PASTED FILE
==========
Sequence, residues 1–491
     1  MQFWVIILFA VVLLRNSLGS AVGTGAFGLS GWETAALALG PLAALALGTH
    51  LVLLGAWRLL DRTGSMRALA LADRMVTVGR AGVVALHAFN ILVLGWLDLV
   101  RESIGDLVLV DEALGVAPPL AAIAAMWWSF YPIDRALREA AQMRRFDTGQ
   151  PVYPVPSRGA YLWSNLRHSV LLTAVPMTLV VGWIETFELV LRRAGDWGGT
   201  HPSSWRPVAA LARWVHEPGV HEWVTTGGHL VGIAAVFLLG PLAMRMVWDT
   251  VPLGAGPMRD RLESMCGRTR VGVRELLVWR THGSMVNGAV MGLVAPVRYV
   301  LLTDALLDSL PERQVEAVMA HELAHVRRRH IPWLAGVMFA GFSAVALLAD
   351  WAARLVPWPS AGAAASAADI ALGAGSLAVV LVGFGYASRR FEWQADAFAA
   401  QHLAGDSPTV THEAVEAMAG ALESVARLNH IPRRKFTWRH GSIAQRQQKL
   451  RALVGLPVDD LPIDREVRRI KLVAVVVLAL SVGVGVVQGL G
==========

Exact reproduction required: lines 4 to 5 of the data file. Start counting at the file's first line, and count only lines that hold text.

   101  RESIGDLVLV DEALGVAPPL AAIAAMWWSF YPIDRALREA AQMRRFDTGQ
   151  PVYPVPSRGA YLWSNLRHSV LLTAVPMTLV VGWIETFELV LRRAGDWGGT